Crime - Sacto 911

Face-down meditation in Yuba River leads to death of Israeli man

See this raging river - it's why CHP has a warning after another drowning

The California Highway Patrol Valley Air Operations is issuing a safety warning after a drowning over the weekend upstream from the Rainbow Lodge on the raging South Yuba River. "Folks, please, please, please, heed our warnings," CHP posted on its
Up Next
The California Highway Patrol Valley Air Operations is issuing a safety warning after a drowning over the weekend upstream from the Rainbow Lodge on the raging South Yuba River. "Folks, please, please, please, heed our warnings," CHP posted on its

Two young men apparently drowned in cold Sierra waterways, including one man who was practicing face-down meditation in the Yuba River.

Yoav Timmer, a 33-year-old Israeli citizen, died Friday on the Yuba River at Rice’s Crossing, northwest of Nevada City.

Nevada County sheriff’s deputies were called about 4 p.m. Friday to the river, where Timmer and a friend had been.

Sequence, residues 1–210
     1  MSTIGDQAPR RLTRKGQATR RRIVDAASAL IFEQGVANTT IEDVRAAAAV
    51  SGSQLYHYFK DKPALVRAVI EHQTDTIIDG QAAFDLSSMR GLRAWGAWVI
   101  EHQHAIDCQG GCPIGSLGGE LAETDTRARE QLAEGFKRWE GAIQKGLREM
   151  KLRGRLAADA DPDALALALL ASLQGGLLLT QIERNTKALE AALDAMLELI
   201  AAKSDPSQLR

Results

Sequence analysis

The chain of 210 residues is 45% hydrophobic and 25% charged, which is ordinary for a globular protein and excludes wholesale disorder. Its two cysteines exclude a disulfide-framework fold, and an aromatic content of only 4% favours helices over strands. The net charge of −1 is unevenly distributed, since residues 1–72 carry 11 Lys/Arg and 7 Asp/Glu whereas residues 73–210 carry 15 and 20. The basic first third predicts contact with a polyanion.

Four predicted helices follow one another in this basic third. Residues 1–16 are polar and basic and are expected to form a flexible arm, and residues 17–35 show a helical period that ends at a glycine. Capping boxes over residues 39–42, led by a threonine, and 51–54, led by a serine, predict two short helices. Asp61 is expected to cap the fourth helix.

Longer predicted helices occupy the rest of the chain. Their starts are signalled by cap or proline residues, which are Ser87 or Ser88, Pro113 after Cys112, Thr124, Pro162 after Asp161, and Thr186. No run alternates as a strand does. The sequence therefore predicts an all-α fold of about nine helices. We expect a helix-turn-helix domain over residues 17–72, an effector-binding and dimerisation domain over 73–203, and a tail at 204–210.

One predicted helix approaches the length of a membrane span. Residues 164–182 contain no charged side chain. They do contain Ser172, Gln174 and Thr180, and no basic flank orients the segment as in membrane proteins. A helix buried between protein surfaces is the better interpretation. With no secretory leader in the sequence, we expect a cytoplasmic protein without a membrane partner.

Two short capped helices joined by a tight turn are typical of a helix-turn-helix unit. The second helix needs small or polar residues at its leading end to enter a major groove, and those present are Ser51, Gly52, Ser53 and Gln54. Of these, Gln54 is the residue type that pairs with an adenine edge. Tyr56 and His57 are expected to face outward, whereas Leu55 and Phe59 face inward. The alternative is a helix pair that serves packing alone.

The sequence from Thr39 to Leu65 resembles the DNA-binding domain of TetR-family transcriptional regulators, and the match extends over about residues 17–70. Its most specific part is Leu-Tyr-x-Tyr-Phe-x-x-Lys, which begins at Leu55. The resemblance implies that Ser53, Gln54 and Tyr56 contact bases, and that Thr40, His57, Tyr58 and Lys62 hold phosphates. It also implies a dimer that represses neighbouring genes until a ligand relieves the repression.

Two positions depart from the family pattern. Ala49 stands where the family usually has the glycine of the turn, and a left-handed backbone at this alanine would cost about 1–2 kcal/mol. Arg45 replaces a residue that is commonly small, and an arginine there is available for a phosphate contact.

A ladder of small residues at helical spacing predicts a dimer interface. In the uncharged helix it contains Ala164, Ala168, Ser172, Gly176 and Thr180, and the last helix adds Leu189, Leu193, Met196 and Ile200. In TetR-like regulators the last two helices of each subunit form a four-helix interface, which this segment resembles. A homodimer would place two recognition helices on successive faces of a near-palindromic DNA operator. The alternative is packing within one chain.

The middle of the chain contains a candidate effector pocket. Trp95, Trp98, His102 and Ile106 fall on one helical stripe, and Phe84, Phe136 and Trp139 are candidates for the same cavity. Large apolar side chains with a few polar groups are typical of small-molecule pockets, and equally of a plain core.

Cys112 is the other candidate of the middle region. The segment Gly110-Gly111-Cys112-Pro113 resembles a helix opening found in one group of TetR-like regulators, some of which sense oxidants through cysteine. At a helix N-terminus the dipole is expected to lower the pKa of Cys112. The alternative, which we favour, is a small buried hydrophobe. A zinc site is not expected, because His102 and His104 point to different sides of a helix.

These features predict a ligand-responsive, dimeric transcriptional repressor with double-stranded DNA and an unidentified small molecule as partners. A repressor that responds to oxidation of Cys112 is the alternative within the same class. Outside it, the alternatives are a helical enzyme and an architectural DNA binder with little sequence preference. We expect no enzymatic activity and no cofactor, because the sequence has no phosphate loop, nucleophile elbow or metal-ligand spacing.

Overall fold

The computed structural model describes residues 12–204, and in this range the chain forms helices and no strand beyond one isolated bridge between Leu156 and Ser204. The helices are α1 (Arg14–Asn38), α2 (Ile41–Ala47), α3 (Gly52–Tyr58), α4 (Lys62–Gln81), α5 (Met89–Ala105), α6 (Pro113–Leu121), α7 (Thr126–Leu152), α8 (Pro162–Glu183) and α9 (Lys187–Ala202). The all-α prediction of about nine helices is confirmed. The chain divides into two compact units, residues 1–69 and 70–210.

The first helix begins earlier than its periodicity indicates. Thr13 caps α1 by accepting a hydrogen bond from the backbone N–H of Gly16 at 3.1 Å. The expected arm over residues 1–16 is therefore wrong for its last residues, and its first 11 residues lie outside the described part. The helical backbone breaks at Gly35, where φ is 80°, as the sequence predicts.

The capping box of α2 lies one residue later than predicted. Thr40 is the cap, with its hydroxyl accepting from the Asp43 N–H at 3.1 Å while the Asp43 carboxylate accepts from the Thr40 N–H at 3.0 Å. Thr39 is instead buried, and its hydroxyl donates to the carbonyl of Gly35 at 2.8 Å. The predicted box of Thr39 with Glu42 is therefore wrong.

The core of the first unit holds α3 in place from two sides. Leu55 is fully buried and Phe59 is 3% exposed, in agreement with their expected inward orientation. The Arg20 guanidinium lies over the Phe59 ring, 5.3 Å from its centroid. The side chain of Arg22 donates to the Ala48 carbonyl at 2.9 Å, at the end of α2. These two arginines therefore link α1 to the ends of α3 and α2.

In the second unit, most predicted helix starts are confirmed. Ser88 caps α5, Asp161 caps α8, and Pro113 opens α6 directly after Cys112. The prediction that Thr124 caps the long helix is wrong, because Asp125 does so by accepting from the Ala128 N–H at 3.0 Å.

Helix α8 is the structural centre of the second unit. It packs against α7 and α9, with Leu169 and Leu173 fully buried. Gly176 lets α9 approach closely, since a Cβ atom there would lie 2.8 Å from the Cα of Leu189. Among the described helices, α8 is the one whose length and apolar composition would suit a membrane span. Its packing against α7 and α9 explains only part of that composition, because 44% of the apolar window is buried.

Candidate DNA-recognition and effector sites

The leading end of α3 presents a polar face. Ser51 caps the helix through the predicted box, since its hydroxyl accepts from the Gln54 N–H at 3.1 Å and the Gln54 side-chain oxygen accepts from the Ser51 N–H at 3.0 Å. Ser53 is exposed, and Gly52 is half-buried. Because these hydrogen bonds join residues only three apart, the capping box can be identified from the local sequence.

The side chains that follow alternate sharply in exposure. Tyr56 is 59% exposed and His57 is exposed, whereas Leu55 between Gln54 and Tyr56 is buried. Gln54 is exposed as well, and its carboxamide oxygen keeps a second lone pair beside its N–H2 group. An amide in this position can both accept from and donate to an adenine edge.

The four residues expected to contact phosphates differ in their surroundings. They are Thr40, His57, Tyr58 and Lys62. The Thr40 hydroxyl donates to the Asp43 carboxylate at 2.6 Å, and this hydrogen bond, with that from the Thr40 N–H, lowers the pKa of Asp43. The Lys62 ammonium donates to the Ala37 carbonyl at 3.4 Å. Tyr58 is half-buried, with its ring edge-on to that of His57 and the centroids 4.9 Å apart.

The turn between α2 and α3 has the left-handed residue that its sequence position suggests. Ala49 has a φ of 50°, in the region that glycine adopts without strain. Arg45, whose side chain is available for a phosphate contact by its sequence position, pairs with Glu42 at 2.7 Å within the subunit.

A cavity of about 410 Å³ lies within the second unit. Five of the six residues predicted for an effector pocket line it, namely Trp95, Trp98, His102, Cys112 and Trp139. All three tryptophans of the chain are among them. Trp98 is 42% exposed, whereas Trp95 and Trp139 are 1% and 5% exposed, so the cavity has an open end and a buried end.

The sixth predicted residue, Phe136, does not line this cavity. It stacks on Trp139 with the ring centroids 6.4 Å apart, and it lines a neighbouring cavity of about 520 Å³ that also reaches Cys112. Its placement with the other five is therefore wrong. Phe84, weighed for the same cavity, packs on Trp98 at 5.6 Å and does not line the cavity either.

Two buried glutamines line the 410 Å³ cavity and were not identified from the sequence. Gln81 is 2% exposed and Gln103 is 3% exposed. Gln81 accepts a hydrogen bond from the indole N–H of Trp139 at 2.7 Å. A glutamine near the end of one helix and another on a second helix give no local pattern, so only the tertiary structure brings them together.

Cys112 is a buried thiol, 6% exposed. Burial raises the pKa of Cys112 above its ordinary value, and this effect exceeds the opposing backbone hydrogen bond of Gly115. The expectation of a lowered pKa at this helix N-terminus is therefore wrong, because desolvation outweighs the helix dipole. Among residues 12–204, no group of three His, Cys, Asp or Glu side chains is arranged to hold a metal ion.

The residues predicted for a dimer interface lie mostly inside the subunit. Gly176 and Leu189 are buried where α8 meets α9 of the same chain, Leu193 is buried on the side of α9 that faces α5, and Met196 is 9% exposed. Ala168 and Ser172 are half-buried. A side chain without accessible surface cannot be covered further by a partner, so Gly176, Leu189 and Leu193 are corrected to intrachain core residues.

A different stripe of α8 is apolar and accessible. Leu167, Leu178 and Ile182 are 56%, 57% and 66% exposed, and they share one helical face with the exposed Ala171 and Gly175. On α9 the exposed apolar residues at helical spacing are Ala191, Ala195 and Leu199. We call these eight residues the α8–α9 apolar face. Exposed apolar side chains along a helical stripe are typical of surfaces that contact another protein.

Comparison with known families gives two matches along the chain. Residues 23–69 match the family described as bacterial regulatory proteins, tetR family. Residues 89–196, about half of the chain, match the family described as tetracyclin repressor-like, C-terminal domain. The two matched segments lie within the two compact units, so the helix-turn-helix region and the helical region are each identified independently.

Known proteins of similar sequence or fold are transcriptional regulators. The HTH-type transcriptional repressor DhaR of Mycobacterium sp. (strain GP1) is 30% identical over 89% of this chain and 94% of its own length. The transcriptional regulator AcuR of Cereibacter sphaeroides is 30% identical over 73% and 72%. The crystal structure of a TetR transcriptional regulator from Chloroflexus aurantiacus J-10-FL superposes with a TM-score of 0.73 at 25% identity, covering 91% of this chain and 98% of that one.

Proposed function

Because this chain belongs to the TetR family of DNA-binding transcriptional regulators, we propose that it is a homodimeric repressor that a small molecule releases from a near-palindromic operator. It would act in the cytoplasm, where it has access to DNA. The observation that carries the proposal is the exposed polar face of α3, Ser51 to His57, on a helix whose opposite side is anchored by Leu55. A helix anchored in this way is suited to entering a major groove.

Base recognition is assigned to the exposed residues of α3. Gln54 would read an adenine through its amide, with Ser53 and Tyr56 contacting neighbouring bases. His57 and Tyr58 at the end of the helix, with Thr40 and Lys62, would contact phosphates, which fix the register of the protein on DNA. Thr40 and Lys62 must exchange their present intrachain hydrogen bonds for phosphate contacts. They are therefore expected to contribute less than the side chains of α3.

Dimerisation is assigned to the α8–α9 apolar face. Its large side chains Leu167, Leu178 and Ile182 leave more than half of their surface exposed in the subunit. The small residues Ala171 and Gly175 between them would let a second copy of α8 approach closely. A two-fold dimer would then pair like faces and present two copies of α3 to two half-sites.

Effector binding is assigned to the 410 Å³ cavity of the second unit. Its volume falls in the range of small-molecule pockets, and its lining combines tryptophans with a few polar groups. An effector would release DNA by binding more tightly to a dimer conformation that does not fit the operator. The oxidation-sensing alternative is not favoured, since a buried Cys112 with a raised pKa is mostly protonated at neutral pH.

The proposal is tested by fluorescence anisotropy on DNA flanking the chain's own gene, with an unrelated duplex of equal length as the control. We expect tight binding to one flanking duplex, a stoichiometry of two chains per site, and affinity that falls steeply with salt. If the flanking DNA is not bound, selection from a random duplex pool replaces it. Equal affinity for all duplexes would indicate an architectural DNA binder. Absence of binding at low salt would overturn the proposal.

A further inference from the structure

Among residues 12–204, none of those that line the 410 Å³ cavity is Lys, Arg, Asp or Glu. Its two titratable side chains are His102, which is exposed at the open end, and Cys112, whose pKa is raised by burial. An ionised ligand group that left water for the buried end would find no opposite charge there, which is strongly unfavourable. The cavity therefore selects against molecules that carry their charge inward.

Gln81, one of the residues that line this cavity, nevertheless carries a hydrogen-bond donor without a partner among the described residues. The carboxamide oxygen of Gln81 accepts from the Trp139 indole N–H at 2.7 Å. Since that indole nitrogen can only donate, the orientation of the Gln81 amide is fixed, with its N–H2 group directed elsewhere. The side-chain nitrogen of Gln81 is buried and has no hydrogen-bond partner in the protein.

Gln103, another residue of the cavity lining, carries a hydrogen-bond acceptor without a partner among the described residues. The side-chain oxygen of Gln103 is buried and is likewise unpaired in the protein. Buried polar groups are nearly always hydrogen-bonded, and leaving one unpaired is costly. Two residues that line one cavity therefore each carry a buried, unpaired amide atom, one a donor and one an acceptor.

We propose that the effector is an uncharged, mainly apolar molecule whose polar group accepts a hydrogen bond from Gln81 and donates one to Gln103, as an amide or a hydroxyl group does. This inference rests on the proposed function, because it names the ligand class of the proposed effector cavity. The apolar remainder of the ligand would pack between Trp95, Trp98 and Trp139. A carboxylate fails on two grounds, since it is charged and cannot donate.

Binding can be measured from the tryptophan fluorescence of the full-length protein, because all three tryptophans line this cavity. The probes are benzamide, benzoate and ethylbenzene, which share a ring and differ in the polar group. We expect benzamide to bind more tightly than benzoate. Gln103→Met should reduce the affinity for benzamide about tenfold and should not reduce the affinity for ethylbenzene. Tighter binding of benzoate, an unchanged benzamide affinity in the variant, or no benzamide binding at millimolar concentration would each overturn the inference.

“Based on statement’s from his friend, Mr. Timmer was practicing a type of meditation where he floats face down in the water for an extended period of time,” said Nevada County Sgt. Mike Sullivan. “His friend was doing his own meditation. A while later he went to check on Mr. Timmer and noticed he was unresponsive in the water.”

The friend tried life-saving measures and contacted 911, said Sullivan, the sheriff’s department’s chief deputy coroner. However, he was later pronounced dead when deputies responded.

On Sunday, another drowning occurred in the Sierra when Jairus Johnson-Neal of Reno died in the South Yuba River at the Hampshire Rocks campground. He was last seen floating downstream by friends who unsuccessfully tried to pull him to safety from the swift, cold water, according to the Placer County Sheriff’s Office.

Divers later found Johnson-Neal, 21, about 12 feet down. Rescuers had to maneuver in hazardous conditions due to numerous tree snags in the rushing water.

A word of caution for swimmers was posted on the Placer County Sheriff Office’s Facebook page:

“The past two people who’ve drowned in our area were both physically fit young adults. The cold temperatures and swift water were the major factors in their deaths.”

UC Berkeley current oceanographer Francis Smith explains rip currents, how to avoid them, and how to escape them if pulled in.

Bill Lindelof: 916-321-1079, @Lindelofnews

Related stories from Sacramento Bee

  Comments